Having covered the more unusual aspects of this kit, normal service will now resume with a look at the cockpit. Airfix provide a reasonably fine and realistic interior. There is of course a cockpit floor formed by the forward section of the bomb-bay, with the raised pilot’s area as a separate part, and a quite nicely done pilot’s seat (no harness detail though). The navigator has his table, complete with a decaled map, partial bulkhead, chair and a device that mounts on the end of the table. I think this item may be associated with H2S equipped aircraft, and if so, should be left off a dambuster model. There is a flight-engineer’s folding seat and instrument panel represented by a decal, as is the pilot’s panel. The decals in both cases are coloured, but still use white outlines for the instrument bezels. This might have been okay in 1981 with Airfix’s second Lancaster tooling (the 1958 version used a paper cut-out from the instructions), but over 30 years on I would like to see well detailed moulded instruments on the panels, with the decals as an option. The Pilot’s instrument panel includes a throttle box and there are rudder pedals to attach to it as well. The cockpit side walls, including in the bomb-aimer’s area, have integrally moulded detail. There is also a conventional bomb-sight that the instructions fail to tell the builder to leave out, as this was not used in the Dams Raid. Overall, the cockpit as supplied will look quite adequate with a seat harness or two added.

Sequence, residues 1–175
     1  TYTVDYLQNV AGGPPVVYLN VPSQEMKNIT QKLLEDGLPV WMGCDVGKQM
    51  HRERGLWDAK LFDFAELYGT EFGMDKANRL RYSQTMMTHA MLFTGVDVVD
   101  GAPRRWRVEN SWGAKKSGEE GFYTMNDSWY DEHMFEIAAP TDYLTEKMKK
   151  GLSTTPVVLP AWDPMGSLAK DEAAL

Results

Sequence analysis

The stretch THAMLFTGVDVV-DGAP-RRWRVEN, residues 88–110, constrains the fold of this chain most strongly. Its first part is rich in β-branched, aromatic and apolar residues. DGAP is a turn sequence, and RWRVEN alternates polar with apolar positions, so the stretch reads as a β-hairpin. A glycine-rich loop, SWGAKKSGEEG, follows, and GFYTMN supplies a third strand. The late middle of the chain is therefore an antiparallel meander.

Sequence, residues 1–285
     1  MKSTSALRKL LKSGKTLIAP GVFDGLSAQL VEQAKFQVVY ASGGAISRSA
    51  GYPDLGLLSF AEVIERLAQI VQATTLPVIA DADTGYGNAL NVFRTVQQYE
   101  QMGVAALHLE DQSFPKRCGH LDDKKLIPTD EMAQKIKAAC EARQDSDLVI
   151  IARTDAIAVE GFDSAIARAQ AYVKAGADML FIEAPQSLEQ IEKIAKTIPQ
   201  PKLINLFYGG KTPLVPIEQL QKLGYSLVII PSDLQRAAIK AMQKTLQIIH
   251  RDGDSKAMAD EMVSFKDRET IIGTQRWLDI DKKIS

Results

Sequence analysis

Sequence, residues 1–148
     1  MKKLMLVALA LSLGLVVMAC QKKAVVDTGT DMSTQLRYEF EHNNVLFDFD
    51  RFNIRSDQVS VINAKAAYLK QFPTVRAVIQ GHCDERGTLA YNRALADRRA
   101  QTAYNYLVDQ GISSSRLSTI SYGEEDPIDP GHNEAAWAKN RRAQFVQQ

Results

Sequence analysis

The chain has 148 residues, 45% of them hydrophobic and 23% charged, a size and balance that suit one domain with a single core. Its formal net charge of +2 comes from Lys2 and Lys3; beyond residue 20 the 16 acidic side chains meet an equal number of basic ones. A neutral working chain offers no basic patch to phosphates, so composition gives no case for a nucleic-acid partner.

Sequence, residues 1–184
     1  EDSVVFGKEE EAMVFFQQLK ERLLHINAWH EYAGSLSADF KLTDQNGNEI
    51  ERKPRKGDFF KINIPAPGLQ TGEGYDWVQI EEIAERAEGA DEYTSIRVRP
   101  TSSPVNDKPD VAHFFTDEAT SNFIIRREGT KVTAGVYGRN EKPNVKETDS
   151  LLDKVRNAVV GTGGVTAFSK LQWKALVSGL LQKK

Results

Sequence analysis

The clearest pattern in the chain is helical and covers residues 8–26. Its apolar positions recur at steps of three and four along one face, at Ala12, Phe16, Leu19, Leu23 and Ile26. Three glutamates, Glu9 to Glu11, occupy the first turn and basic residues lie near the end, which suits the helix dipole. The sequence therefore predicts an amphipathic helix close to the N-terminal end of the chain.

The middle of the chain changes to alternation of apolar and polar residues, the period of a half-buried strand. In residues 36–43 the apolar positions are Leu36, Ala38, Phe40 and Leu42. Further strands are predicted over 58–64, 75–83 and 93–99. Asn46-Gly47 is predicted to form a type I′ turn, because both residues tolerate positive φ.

There are a number of small fuselage windows to add; which some later Lancasters had blanked off. I am quite sure that Airfix has made theirs too deep compared to photos of the real thing, and are also after comparison with the Hasegawa and Revell kits. This is a minor problem however. Small clear inserts rarely fit perfectly due to their angled sides that are needed to release them from the mould, and so frequently require filling around their circumference. Once filled and sanded to fully blend in with the fuselage, the windows can be polished up and simply have a suitably shallower area masked off to ensure that they appear the right size after painting.

The two wing spars must be added to the bomb-bay floor before closing the fuselage halves. The bomb-bay interior is nicely detailed, and includes the sidewalls in this area, as well as finely moulded bomb crutches not used with this version. The instructions direct that holes be opened up in the floor as these are associated with the dambuster option. There is also the choice of a blanking pate or Vickers K “scare-gun” to fit where the FN 64 ventral turret would otherwise mount (no doubt supplied with the Mk II sprues). The instructions guide which of the two decal options the gun applies to, but check your references if you are modelling other 617 Sqn aircraft. Airfix supply a clear transparency to insert in the rear fuselage’s underside to represent the three signalling lights. I have read one on-line build log that the bomb-bay bulkheads need some gentle trimming if the fuselage halves are to close neatly.